19:11 heaven opened. The One who ascended to heaven () and had been seated at the Father’s right hand (; ; ) will return to take back the earth from the usurper and establish His kingdom (5:1–10). The nature of this event shows how it differs from the Rapture. At the Rapture, Christ meets His own in the air—in this event He comes with them to earth. At the Rapture, there is no judgment, in this event it is all judgment. This event is preceded by blackness—the darkened sun, moon gone out, stars fallen, smoke—then lightning and blinding glory as Jesus comes. Such details are not included in Rapture passages (; ). white horse.In the Roman triumphal processions, the victorious general rode his white war horse up the Via Sacra to the temple of Jupiter on the Capitoline Hill. Jesus’ first coming was in humiliation on a colt (). John’s vision portrays Him as the conqueror on His war horse, coming to destroy the wicked, to overthrow the Antichrist, to defeat Satan, and to take control of the earth (cf. ). Faithful and True. True to His word, Jesus will return to earth (; see note on 3:14). in righteousness He judges. See 20:11–15; cf. .; ; . makes war. This startling statement, appearing only here and 2:16, vividly portrays the holy wrath of God against sinners (cf. ). God’s patience will be exhausted with sinful, rebellious mankind.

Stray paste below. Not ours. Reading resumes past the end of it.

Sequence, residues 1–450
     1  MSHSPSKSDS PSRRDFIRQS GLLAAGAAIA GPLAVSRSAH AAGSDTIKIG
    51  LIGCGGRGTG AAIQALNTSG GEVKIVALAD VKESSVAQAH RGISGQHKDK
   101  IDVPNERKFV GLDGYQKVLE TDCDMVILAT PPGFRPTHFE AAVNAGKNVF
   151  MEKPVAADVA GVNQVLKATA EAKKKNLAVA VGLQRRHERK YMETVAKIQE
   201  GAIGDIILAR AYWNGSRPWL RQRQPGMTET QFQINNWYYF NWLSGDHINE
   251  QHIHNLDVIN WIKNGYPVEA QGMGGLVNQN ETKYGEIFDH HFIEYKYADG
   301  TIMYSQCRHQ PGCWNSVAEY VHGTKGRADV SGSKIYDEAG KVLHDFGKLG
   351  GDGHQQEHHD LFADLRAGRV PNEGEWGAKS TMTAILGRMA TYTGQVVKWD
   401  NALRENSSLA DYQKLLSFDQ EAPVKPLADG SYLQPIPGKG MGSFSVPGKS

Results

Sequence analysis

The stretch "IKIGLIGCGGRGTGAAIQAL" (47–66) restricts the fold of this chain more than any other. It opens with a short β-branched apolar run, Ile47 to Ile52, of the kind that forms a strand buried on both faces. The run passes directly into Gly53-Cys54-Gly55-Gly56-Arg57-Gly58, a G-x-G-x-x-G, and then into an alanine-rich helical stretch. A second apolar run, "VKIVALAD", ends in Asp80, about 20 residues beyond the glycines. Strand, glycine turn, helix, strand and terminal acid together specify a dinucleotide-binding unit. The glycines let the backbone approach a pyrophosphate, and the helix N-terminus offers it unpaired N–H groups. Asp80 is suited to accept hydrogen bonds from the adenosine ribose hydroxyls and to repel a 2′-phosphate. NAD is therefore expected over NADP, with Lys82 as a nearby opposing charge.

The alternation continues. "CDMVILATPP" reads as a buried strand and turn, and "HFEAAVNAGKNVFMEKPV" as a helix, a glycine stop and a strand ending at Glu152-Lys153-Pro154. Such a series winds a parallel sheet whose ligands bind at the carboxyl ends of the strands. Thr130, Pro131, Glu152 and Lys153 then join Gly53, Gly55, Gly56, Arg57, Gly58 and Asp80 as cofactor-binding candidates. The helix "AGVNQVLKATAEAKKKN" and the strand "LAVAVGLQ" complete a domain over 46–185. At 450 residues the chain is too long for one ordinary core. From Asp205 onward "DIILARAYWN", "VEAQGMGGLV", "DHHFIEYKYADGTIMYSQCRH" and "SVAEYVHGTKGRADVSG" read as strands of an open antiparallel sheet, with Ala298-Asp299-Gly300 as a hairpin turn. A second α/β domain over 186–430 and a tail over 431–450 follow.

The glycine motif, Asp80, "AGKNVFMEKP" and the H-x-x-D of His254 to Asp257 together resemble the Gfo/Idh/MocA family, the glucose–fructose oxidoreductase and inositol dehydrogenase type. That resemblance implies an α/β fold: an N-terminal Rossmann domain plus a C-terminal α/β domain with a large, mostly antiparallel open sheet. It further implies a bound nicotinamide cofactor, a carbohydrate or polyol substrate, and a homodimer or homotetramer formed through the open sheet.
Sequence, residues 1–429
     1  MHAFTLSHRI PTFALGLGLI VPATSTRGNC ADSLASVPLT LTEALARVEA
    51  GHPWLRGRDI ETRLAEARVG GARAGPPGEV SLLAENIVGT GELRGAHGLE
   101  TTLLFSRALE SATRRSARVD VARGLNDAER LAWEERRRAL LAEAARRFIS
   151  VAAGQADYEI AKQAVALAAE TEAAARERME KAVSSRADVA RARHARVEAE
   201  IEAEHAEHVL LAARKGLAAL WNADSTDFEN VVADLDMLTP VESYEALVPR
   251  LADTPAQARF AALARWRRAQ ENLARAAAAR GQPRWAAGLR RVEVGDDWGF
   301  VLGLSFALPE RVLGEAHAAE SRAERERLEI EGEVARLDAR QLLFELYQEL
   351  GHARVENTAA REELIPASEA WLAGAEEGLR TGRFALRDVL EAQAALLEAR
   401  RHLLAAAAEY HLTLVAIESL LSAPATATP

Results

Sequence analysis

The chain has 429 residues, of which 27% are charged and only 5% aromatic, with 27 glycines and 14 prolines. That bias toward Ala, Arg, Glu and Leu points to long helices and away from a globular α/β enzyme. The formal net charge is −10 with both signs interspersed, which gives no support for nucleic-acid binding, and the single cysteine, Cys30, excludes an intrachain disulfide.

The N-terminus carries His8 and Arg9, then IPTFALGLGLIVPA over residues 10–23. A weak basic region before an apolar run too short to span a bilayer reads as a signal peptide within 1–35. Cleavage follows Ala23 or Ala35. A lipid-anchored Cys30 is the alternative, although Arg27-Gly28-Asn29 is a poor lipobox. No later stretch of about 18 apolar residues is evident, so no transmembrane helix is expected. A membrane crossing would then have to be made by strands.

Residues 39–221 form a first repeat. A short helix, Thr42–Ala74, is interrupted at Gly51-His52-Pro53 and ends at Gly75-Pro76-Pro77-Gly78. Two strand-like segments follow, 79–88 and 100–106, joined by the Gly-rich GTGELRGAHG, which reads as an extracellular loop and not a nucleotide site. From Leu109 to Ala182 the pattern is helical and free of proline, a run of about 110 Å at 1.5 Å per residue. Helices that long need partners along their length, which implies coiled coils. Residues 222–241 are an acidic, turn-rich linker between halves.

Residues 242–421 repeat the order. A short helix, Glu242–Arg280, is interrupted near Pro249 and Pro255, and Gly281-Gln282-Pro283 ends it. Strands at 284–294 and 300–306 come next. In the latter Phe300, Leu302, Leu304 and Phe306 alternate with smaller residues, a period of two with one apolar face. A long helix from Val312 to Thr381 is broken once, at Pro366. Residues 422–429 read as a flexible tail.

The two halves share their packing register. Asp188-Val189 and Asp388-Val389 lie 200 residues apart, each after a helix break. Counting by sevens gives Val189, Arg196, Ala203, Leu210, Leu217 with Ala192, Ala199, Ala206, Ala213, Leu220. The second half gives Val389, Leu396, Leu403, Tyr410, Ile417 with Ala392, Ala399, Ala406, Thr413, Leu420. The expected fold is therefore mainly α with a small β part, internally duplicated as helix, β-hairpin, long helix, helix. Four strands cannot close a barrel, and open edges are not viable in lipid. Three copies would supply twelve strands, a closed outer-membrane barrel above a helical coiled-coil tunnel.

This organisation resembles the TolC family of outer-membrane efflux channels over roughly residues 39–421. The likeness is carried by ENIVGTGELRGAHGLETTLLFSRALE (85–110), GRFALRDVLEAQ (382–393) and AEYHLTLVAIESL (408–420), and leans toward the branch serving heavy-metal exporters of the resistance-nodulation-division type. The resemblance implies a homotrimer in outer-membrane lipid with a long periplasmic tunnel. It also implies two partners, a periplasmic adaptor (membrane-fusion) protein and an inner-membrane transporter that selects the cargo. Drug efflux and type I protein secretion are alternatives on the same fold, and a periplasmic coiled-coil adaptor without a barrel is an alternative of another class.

19:12 His eyes were like a flame of fire. Nothing escapes His penetrating vision, so His judgments are always just and accurate (see note on 1:14). a name…no one knew. John could see the name, but was unable to comprehend it (cf. ). There are unfathomable mysteries in the Godhead that even glorified saints will be unable to grasp.
The Word. Only John uses this title for the Lord (see Introduction: Author and Date). As the Word of God, Jesus is the image of the invisible God (); the express image of His person (); and the final, full revelation from God (, ).
19:14 armies in heaven. Composed of the church (v. 8), tribulation saints (7:13), OT believers (; cf. , ), and even angels (). They return not to help Jesus in the battle (they are unarmed), but to reign with Him after He defeats His enemies (20:4; ; ). Cf. .
19:15 sharp sword. This symbolizes Christ’s power to kill His enemies (1:16; cf. ; , ). That the sword comes out of His mouth indicates that He wins the battle with the power of His word. Though the saints return with Christ to reign and rule, they are not the executioners. That is His task, and that of His angels (). rod of iron. Swift, righteous judgment will mark Christ’s rule in the kingdom. Believers will share His authority (2:26; ; see notes on 2:27; 12:5; ). winepress. A vivid symbol of judgment (see note on 14:19). Cf. ; .